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advanced, the narrow valley still further contracted, and the river, confined by the approaching bases of the mountains, assumed the character of a torrent. Our road continued on one margin of the river, and a canal, singularly abounding with locks, kept pace with us on the other; to the Cyclopean region of Merthyr-tidvill *. We did not enter the town, but re-measured our steps to Ponty-pridd ; and about four miles below it bade adieu to the romantic course of the Taffe, in deviating up a steep confine of its valley towards the town and castle of Caerphilly.

The celebrated ruin of CAERPHILLY CASTLE soon appeared at some distance beneath us, occupying the centre of a small plain, which, with its surrounding amphitheatre of hills, presented a display of regular fences and cultivation that strikingly contrasted with the distriet that we had just left. The idea formed on a first view of this stupendous pile is rather that of a ruined town than a castle:

* From this place a turnpike-road extends through the mountains to Brecon, a district so wild as not to present à Village, and scarcely a habitation in an extent of eighteen miles. - In the neighbourhood of Merthyr-tydvill I find described Morlashe castle, a ruin.


it is by much the largest ruin in Britain, although its dimensions are somewhat inferior to those of Windsor castle. The high outer rampart, with its massive abutments and frequent towers, still in a great measure entire, conveys at once a clear impression of the great extent of the fortress. In entering upon an examination of the ruin we passed the barbican *, now built up into habitations ; and, proceeding between two dilapidated towers, entered the great area of the castle :-a range of building, beneath the rampart on our right, once formed the barracks of the garrison. We then advanced to that pile of superior building, i. e. of citadel, hall, chapel, state and other apartments, which is generally considered as the castle, in distinction from the encircling area and its wall : clambering over the fragments of another drawbridge and its defending towers, we entered the first court, which appears to have comprised the citadel : thence we passed through a large gateway, with several grooves for portcullises, to the principal court of the castle. The area of this court is seventy yards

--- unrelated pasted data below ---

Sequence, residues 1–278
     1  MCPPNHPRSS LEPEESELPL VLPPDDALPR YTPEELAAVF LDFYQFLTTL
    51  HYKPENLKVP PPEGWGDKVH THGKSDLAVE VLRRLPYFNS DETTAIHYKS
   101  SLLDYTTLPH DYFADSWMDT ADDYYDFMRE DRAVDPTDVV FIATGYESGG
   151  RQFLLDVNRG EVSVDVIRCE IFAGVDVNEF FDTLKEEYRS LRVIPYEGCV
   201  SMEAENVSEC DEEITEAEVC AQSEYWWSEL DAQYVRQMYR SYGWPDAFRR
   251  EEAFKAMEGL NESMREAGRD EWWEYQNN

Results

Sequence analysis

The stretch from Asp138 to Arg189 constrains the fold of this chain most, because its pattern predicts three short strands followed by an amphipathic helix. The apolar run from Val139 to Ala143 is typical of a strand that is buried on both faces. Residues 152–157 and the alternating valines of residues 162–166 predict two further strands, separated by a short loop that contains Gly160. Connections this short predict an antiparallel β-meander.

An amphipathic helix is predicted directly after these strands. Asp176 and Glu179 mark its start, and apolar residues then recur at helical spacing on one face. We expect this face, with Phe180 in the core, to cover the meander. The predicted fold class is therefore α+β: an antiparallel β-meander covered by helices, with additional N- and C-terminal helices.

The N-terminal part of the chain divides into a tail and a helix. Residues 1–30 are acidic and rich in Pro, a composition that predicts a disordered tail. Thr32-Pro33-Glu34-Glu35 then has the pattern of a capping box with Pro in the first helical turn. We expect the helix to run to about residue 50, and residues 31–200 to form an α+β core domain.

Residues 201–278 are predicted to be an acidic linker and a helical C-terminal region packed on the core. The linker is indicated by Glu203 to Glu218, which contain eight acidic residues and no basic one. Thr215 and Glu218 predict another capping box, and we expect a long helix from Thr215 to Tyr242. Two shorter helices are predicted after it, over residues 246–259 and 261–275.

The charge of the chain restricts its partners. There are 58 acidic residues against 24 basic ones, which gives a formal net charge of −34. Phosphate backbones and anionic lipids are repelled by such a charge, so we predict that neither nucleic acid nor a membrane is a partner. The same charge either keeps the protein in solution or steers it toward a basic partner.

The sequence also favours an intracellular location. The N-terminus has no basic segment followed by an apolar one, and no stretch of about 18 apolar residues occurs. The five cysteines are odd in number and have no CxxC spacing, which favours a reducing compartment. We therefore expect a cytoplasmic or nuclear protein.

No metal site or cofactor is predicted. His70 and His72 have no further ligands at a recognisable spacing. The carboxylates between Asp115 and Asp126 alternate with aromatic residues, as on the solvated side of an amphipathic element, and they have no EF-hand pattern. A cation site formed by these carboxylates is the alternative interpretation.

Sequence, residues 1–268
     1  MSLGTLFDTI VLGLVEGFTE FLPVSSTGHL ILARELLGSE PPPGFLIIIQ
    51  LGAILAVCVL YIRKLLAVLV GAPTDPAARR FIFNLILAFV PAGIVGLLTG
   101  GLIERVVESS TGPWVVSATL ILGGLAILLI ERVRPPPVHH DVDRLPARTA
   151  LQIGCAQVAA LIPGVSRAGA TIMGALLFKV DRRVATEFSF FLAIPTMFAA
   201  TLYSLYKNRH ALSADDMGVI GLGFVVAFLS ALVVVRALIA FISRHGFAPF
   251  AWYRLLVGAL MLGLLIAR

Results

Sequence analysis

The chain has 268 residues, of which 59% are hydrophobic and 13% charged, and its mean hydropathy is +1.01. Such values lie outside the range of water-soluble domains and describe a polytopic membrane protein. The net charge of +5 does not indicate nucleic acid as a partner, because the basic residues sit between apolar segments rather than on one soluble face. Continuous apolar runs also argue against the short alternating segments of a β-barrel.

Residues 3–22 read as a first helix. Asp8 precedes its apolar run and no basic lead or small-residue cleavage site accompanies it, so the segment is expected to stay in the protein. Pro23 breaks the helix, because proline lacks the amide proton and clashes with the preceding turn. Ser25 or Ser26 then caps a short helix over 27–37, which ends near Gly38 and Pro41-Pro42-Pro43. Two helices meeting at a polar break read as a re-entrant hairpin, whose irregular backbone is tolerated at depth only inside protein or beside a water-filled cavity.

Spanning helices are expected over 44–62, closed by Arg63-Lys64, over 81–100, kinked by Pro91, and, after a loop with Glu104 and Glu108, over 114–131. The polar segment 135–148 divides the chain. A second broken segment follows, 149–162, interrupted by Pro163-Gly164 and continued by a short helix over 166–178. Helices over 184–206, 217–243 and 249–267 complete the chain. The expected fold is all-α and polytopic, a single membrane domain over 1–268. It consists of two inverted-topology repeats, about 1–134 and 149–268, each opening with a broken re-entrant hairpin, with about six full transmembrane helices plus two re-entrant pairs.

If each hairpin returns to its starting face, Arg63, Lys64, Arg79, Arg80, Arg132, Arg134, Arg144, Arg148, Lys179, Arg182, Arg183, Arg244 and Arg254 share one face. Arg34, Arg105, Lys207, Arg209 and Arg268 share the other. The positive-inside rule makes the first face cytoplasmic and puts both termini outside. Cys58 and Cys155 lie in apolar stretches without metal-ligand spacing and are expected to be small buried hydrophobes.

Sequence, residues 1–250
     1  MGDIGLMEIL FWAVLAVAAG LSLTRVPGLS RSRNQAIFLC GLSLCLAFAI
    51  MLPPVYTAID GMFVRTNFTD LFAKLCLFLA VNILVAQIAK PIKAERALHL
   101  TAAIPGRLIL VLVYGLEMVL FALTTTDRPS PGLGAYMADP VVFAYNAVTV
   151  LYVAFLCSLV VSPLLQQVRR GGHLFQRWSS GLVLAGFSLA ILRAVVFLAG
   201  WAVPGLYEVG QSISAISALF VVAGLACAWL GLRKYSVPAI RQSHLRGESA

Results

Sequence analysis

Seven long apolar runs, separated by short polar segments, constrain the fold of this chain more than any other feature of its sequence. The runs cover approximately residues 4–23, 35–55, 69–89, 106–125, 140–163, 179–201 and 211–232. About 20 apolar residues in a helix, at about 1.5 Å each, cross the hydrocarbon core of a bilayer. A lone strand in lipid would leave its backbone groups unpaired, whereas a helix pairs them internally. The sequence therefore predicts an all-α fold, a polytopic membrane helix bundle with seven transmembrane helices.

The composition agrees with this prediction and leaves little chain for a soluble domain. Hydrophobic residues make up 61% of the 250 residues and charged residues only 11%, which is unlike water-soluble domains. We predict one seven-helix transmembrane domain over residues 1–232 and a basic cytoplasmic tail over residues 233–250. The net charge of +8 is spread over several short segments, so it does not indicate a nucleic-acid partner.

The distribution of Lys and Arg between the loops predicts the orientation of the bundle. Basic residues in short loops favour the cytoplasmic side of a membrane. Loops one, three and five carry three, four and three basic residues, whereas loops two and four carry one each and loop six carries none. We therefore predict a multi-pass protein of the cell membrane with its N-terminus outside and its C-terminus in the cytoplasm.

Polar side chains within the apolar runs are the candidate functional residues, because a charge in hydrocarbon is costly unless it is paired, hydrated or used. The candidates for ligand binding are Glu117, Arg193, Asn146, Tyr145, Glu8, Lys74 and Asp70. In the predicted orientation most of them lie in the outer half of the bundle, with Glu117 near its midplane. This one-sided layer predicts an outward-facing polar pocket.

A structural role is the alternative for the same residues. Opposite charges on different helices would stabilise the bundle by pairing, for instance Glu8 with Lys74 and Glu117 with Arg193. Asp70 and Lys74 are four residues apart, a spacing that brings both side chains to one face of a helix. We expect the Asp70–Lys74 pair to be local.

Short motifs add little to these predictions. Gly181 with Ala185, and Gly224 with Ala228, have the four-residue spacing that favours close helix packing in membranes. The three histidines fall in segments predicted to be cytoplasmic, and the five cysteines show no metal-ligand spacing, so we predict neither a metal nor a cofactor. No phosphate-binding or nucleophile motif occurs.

* An outwork that defended the drawbridge.






The appear

by forty: on the south side is that princely apartment, by some considered the hall, and by others the chapel : but, whichever it may have been, vestiges of much original beauty appear in the elegant outline of its four large windows; the grand proportions of the chimney-piece, and the light triplet pillars, with arches that go round the room. ance of mortice holes in the walls for the ends of beams, at the height of about the middle of the windows, led Camden to suppose that the cieling was projected from thence, and that an apartment above was lighted by the upper portion of the windows; but surely at a time when symmetry in building was so well cultivated, and where it appears to have been so successfully applied, such a ridiculous contrivance could not have taken place : more probably, as I conceive, from those mortices a support was derived for a lofty arched roof, or a gallery * Eastward of the hall, is the curiosity of a leaning tower, a bulky fragment of the ruin between seventy and eighty feet

* The external staircase entrance to the hall spoken of by Camden, “ the roof whereof is vaulted and supported by twenty arches,” is now rendered nearly impassable by rubbish.


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